Friday, July 13, 2012

Tobacco Tussles Reach the AEC

According to the Malaysian Star, last week the ASEAN Health Ministers meeting in Phuket (held every two years) had agreed to “withdraw tobacco from AFTA”:
            Malaysia and Asean member nations have agreed to withdraw tobacco from the Asean Free Trade Area (AFTA) list for implementation by 2015. Health Minister Datuk Seri Liow Tiong Lai said a consensus was reached at the 11th Asean Health Ministers Meeting at Phuket, Thailand last Thursday. He said Asean Health Ministers discussed how to reduce consumption of tobacco as well as the ways to control the item from becoming widespread in the region. “We agreed that tobacco needs to be withdrawn from the list of AFTA products as it could reduce the number of smokers and create a tobacco-free environment,” he said.
(note that the official ASEAN Health Ministers' joint statement makes no reference to removing tobacco)  Regardless of one’s views on tobacco regulation, the author feels compelled to address several aspects of this report.

First, the governing agreement for trade in goods in the ASEAN Economic Community (AEC) is the ASEAN Trade in Goods Agreement (ATIGA).  Administration of ATIGA falls under the purview of the ASEAN Economic Ministers, not the ASEAN Health Ministers.  The ASEAN Health Ministers can only recommend action to the ASEAN Economic Ministers, and cannot “withdraw” products from ATIGA on their own.

Second, under ATIGA’s tariff reduction schedules, ASEAN member states have already agreed to 0-5 percent duty treatment for ASEAN-origin tobacco products.  Raising the ATIGA import duty rates for tobacco products to MFN levels (e.g. the non-preferential rates applied to goods that do not qualify as ASEAN-origin or for preferential treatment under ASEAN’s free trade agreements (FTAs)) would require consensus to renegotiate ATIGA, which would be difficult given the presence of strong tobacco industries in some ASEAN member states.  Furthermore, increasing the ATIGA rates for tobacco would simply divert the tobacco trade to China, Korea, India, Japan and Australia-New Zealand, which have FTAs with ASEAN which also have reduced preferential tariff rates for tobacco products.  These countries would benefit at the expense of ASEAN domestic producers unless they also agreed to renegotiate the tobacco duty rate provisions of their FTAs with ASEAN. That also appears to be difficult.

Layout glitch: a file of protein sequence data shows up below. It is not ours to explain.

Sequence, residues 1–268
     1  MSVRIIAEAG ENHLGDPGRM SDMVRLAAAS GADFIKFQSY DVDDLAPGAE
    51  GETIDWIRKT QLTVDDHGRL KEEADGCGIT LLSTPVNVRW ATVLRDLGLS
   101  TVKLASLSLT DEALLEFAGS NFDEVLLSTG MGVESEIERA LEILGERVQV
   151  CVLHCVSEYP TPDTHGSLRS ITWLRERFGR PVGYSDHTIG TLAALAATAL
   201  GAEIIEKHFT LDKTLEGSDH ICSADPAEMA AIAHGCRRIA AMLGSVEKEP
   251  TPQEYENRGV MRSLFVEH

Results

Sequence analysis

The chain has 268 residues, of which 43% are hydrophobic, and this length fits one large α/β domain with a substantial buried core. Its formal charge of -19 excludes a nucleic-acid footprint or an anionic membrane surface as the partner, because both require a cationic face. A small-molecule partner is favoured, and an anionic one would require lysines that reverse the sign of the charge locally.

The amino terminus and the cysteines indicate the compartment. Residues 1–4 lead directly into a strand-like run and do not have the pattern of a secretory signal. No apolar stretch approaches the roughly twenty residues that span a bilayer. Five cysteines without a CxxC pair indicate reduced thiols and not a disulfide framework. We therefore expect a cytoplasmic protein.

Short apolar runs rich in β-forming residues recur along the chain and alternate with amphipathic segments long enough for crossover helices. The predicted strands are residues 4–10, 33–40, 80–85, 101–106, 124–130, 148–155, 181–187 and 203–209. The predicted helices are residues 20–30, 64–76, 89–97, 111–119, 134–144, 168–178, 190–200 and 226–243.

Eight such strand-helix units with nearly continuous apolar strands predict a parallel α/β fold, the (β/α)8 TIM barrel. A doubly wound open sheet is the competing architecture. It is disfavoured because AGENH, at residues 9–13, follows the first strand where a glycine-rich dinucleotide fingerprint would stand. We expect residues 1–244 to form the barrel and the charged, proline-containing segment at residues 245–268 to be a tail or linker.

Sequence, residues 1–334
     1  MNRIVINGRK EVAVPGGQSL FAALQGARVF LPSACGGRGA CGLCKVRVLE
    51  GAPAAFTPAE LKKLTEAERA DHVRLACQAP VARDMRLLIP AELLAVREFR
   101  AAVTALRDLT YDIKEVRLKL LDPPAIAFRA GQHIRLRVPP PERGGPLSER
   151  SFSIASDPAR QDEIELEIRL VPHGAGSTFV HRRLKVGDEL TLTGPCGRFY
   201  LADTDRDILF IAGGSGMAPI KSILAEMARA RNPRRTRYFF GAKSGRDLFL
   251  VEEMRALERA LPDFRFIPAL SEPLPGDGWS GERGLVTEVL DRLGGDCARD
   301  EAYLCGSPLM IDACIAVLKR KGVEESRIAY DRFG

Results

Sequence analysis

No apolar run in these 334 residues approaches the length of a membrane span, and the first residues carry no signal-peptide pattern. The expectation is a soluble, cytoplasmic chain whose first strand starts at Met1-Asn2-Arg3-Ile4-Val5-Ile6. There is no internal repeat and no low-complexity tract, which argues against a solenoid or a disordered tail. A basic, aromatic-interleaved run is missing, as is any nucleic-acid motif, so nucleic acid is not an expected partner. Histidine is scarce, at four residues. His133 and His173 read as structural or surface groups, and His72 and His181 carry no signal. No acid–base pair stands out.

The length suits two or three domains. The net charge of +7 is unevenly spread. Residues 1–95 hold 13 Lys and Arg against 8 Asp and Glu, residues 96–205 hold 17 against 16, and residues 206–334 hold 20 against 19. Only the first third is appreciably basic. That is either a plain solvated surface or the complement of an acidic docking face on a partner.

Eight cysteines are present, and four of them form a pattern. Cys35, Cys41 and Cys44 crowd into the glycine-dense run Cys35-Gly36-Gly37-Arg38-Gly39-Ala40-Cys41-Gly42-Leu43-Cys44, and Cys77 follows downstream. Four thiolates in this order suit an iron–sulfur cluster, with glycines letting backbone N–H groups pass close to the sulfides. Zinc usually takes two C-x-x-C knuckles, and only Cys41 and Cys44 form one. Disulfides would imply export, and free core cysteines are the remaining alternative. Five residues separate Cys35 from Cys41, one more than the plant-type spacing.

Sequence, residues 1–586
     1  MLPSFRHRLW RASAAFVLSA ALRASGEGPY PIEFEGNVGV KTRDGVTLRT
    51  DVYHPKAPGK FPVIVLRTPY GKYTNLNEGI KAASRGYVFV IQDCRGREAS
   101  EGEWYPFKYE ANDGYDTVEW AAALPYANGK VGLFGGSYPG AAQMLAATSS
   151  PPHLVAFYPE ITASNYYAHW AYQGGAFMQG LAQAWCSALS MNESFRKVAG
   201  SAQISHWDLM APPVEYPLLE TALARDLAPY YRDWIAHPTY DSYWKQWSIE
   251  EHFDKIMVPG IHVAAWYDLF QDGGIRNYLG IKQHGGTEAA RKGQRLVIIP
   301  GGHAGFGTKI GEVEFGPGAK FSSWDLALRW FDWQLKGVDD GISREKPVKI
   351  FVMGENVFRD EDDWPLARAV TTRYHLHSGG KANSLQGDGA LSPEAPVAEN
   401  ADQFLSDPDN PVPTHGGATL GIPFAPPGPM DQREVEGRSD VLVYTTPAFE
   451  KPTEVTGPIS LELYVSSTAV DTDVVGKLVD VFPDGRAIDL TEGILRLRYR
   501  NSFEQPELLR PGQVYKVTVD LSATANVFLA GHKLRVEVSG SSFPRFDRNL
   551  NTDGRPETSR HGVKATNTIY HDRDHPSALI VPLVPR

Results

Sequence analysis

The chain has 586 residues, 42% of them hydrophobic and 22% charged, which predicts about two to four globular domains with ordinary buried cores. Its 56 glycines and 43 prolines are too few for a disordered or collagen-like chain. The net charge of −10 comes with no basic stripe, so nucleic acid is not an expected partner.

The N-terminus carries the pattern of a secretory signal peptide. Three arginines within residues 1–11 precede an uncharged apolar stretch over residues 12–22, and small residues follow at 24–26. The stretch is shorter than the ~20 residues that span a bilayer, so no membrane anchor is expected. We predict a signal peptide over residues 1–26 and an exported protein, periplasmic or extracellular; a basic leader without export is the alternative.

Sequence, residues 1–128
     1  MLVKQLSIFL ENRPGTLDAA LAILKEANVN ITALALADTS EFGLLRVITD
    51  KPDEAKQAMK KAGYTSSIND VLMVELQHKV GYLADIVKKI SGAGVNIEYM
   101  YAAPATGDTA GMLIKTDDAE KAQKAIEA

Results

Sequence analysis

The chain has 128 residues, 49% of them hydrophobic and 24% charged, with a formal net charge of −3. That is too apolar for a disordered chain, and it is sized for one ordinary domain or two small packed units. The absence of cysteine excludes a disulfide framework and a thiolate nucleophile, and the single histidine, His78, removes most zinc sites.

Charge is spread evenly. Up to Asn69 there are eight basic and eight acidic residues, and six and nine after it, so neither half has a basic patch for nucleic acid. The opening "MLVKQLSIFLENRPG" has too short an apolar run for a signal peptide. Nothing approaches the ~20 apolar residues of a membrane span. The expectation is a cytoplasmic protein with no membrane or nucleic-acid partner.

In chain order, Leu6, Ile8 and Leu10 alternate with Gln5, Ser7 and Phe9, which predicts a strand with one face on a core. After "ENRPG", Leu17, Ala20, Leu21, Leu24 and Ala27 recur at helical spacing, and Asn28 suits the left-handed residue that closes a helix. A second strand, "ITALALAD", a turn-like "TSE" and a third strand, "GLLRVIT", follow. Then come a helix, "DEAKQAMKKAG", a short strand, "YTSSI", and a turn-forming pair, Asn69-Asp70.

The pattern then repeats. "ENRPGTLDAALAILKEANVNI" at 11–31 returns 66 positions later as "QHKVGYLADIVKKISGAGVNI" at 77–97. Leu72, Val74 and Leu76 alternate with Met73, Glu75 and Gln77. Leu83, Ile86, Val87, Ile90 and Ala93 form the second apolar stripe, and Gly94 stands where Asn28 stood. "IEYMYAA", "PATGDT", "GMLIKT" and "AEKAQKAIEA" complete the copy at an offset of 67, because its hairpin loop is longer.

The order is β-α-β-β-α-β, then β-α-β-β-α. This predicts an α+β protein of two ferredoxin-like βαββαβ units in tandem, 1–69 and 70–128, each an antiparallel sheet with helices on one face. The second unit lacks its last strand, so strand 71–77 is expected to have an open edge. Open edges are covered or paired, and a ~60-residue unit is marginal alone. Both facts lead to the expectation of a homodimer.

Third, ATIGA covers not only tariff measures but also non-tariff measures and other regulations related to trade in goods.  Hence what the ASEAN Health Ministers may have meant by “withdrawing” tobacco from ATIGA would be differential treatment of tobacco products under such measures. This could be justified under ATIGA Article 8(c), which allows for discriminatory measures if “necessary to protect human, animal or plant life or health.”  Other jurisdictions have imposed plain packaging and other special rules applicable to tobacco products, claiming authority, inter alia, under GATT Article XX(c), which ATIGA Article 8(c) is based on.  However, such measures have to be drafted carefully, as they have been subject to much litigation both at the domestic level and before the WTO.

Which brings me to my fourth and final point, which is that any measures aimed at tobacco would be subject to immediate and aggressive dispute resolution procedures. The tobacco industry has actively defended its interests in litigation and arbitration elsewhere, and ASEAN would be no different. 

Hence media reports that ASEAN has decided to “withdraw” tobacco from ATIGA are premature. The ASEAN Health Ministers’ declaration is merely a recommendation to the ASEAN Economic Ministers. Furthermore, modification of tobacco duty rates under ATIGA and other ASEAN FTAs is not realistic.   Whether ASEAN intends to follow the lead of other jurisdictions in imposing non-tariff measures will also remain to be seen, and even then such measures would be subjected to much scrutiny and possible litigation within ASEAN and perhaps at the WTO.  But the ASEAN Health Ministers’ declaration does mean that the tobacco regulatory debates have reached the AEC and will test both the ASEAN institutions and their regulation of the ASEAN single market.